So commonplace is the word collagen in the growing beauty world that it needs little definition—it is the holy grail to healthy, ageless skin. But do we really know enough of this protein? For example, the protein (found in the body) affects not only our skin, but also our hair, nails, bones, cartilage, connective tissue; and it provides the three S’s—support, structure, and strength to our body.
It is only that our skin shows the first signs of our reducing collagen levels—which, like everything else, starts to deplete with age, in this case after 25.
Nutritionist and author of The Immunity Diet, Kavita Devgan, gives us the dos and don’ts to make sure that we work to maintain the collagen in our bodies with easy lifestyle and dietary incorporations.
What to avoid
Junk: This one we should have guessed! But keeping junk to the minimal is important. Also, include alcohol, caffeine and tobacco under this. “The reason is actually as simple as hydration in this case. A lot of these cause dehydration, which lead to a drop in collagen levels,” says Devgan.
Stress: Like everything else in life, stress, rather the lack of it is critical to maintaining good collagen levels. And there’s a scientific reason for it. “Stress promotes the production of the cortisol hormone, which hampers collagen production.” Trying any stress control activity that works for you is important.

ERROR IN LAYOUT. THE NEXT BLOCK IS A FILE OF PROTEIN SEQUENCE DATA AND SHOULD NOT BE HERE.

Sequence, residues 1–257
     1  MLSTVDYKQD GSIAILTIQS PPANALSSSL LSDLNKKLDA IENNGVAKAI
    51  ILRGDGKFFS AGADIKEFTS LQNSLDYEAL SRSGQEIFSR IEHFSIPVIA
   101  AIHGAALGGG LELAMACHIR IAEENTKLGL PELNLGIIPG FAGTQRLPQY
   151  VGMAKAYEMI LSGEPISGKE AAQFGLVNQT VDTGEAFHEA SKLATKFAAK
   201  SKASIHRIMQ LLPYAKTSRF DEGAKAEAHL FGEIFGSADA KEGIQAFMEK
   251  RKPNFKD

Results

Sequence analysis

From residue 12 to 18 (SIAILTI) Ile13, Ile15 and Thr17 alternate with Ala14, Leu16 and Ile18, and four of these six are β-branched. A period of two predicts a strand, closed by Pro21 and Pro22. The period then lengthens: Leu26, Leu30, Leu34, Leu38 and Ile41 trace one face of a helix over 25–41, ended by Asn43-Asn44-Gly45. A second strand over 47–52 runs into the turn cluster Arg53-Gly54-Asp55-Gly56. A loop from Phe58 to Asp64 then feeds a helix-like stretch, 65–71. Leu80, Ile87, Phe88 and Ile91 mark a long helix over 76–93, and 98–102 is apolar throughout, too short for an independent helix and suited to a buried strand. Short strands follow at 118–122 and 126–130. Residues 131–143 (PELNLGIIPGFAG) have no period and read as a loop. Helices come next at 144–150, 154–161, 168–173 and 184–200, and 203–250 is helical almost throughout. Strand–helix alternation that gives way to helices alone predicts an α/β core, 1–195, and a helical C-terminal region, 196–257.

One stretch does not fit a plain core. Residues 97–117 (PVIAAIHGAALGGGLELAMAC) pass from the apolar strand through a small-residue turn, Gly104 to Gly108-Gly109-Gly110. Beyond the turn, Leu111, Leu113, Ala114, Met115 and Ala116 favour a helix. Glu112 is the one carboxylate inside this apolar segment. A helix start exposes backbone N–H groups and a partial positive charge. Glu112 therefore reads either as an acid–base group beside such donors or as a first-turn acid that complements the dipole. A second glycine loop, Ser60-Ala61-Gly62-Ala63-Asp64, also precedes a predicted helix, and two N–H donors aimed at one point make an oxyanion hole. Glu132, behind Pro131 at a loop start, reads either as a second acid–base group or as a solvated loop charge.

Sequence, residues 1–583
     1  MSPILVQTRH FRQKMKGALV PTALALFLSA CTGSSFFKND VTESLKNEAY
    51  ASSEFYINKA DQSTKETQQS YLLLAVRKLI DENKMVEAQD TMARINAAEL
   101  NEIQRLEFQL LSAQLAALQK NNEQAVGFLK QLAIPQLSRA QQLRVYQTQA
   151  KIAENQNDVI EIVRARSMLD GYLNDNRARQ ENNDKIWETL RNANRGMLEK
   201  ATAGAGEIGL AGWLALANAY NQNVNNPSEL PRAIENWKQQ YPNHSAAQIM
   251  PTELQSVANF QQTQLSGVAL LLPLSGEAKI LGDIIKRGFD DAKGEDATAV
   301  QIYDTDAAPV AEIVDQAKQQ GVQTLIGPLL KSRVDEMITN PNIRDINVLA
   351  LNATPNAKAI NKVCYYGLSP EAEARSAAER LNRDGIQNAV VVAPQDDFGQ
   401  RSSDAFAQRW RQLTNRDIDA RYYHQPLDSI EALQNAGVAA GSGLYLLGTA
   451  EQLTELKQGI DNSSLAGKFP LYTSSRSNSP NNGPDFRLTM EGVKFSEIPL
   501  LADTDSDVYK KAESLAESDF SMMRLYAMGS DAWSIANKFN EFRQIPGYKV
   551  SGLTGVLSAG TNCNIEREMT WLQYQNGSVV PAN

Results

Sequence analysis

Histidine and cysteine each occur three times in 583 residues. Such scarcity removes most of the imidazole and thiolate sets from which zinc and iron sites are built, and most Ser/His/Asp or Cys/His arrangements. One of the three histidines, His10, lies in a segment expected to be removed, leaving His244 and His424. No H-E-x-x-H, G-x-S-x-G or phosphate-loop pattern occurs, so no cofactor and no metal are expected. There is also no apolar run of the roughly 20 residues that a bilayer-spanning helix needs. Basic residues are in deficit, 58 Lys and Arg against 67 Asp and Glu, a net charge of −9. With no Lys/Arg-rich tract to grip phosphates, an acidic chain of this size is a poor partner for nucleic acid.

Pollution and ultra-violet rays: Both of these cause premature ageing and counteract the effect of collagen and are best to protect yourself against, as much as you can.
What to include
If what to avoid are cues enough, you know what to include, so Devgan offers a list of dietary recommendations.
Water: “Hydration is key to collagen production. Drink the stipulated three to four litres of water.”
Foods that contain collagen: While there aren’t plenty, there are a few that have small amounts of collagen in them—like eggs, fish, and red meat. “And bone broth in the winters! There is nothing like a good bone broth in the winters.”
Foods that promote collagen production: Vitamin C and E are great additions for the collagen journey, and Devgan recommends all the foods that contain them, emphasizing on a daily dose of amla, nuts and seeds. Add spirulina to the mix for its many many healthy benefits.
The miracle that is green tea: “Yes, everyone is talking about it for weight loss, but green tea is great for promoting collagen production too with its stress reduction qualities. I cannot recommend a few cups a day enough!”
When asked about supplements, Devgan says a strict no. “It isn’t required when you can include natural collagen in your diet. I always recommend opting for natural food because it adds so much more to the body than concentrated supplements.”